Social media has taken the world by storm. Citizen journalists are increasing pressure on diplomats to deliver timely and accurate reporting of what is happening on the ground. A recent survey of 105 practising diplomats from five regions: Americas, Europe, Africa, the Middle East, and Asia shows that the biggest impact social media has in terms of diplomatic reporting is making it more immediate and less formal.
While a 2010 survey by DiploFoundation showed that 76% of respondents thought Diplomats should blog, some argued that ‘blogging is not compatible with the diplomatic function’. Stephen Hale of the UK FCO, did not agree. ‘A large part of what we do offline in the Foreign Office is engage and influence audiences in support of UK foreign policy goals. Diplomacy is not just about states talking to states. And often the issues we work on (like climate change or counter terrorism) can’t be solved by one state talking to another. The internet provides us with the means to engage and influence audiences all around the world. And blogs are one tool that diplomats can use to talk informally with their target audience about specific foreign policy issues.’
With the post-9/11 move in the US government from a ‘need to know’ to a ‘need to share’, the US Department of State became an example of one diplomacy machine that has embraced social media and is seeking to maximise existing tools to promote the sharing of information. It is not rocket science. ‘What better way to move an agency into need-to-share protocols than to integrate technology from the world’s leading authorities on need to share, namely social networking sites Facebook, Twitter and Wikipedia’ (Khalid, 2011). In a non-exhaustive list of blogs compiled by Danielle Derbes for the June 2011 Foreign Service Journal, the Department of State lists 161 blogs and the UK’s FCO lists 47 active bloggers.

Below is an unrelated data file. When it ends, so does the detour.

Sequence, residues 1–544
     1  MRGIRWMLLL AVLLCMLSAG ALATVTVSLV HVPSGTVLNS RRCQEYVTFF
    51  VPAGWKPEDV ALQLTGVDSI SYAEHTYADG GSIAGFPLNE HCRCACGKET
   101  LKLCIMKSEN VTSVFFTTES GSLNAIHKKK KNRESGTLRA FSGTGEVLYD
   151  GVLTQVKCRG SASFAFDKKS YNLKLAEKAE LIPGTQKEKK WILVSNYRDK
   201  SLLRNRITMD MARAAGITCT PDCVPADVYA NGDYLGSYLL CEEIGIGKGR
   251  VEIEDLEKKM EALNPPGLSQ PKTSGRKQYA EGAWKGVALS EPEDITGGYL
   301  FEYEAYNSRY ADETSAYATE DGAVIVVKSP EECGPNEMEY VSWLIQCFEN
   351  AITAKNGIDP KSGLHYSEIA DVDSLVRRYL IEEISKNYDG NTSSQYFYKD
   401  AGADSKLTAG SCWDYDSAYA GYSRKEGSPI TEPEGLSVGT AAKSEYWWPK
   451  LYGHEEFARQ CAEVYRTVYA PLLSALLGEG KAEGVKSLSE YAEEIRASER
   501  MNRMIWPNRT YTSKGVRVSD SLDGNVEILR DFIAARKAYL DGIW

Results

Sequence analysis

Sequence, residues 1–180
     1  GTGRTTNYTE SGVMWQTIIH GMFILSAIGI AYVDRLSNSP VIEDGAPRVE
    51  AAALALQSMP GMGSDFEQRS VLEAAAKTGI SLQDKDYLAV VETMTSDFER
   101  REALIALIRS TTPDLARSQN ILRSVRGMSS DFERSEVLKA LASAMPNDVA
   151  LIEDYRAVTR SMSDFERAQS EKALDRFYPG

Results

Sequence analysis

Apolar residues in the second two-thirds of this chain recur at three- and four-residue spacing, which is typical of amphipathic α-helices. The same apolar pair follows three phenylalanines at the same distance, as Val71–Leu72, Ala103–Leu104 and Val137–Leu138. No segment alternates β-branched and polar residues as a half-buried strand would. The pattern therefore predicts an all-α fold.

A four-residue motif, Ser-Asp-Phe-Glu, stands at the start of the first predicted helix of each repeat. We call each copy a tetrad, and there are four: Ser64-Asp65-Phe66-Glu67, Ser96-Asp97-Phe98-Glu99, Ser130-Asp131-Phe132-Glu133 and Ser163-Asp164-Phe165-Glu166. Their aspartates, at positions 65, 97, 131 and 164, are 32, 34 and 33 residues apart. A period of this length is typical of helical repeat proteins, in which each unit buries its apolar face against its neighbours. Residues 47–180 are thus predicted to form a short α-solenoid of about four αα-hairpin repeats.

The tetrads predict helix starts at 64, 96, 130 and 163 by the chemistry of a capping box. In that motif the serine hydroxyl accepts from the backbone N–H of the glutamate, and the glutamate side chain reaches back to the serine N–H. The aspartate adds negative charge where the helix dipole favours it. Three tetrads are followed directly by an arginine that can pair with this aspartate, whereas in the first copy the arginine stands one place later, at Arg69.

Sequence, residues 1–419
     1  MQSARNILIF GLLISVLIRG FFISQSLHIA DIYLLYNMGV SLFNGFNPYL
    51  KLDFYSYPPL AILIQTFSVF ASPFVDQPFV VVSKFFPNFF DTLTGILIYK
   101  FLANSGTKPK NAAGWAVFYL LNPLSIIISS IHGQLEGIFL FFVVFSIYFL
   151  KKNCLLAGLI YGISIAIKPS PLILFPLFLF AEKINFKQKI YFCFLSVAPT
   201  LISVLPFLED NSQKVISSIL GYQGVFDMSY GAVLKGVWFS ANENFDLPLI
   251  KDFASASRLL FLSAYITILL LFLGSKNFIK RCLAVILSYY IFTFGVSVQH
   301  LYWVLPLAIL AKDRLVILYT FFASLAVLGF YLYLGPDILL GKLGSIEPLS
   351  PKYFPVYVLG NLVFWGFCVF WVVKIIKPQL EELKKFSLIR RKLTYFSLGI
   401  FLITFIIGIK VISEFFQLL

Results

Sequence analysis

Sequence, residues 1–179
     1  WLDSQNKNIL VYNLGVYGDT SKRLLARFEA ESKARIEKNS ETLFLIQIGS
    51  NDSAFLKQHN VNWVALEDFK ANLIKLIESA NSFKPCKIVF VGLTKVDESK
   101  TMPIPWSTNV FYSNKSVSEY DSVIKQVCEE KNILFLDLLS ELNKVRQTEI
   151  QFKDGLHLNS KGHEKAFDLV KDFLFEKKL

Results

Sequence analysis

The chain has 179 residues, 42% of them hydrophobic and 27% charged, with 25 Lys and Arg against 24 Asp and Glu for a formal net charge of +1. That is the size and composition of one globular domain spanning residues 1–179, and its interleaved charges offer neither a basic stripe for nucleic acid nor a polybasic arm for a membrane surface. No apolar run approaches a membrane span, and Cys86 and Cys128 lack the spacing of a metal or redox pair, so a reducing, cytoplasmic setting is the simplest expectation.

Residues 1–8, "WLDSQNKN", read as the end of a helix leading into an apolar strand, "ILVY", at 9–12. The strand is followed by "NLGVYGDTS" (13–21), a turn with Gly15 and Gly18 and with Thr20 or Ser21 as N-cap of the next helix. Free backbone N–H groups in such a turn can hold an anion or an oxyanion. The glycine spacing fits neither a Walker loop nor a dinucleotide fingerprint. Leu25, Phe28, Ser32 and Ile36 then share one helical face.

With public diplomacy coming more and more to the forefront as an international tool of engagement, social media has a huge part to play in diplomatic reporting. Whether diplomats use Twitter to get instant updates about what is happening on the street or to float an idea in cyberspace to informally sound out public opinion, this microblogging tool is rapidly become part of the diplomat’s reporting toolbox. It is interesting to note here that a distinction apparently needs to be made between the diplomat and the person. In which capacity are they tweeting or blogging? One case in point is that of former Indian diplomat Shashi Tharoor, who, in 2010, tweeted a rather innocuous message to his half-million or so followers: Dilemma of our age. Tough visa restrictions in hope of btr security or openness & liberality to encourage tourism & goodwill? I prefer latter. He made the front page news nationally for making a ‘big mistake in Indian politics: appearing to disagree publicly with his superiors on a delicate issue’.
Likewise with blogs. The diplomat’s prime objective is to promote and to pursue their country’s interests. Blogs written by themselves or by others can be a valuable source of information that often goes unreported in mainstream media. In a comment on Diplo’s online survey on whether diplomats should blog (DiploFoundation, 2010), Vladimir Radunovic cites a visit in 2009 to Serbia by then Swedish Foreign Minister Carl Bildt, a regular blogger. Bildt announced a last-minute visit to Belgrade on his blog, where he planned to meet with the Serbian President and the Foreign Minister. This visit coincided with the Butmir regional talks on the Balkans, while Sweden held the EU presidency. Yet the visit was never officially announced. This low-profile approach to the meeting was enhanced by the medium used to communicate its happening. As Radunovic puts it in his comment: it was ‘available to all as not being a secret; yet reaching only some, without drums and fuss’. This nuanced messaging is a key component of diplomatic reporting and it would seem that social media offers the perfect set of tools to carry it out.
In her next blog post, Mary Murphy examines the relationship between diplomats and diplomatic correspondents.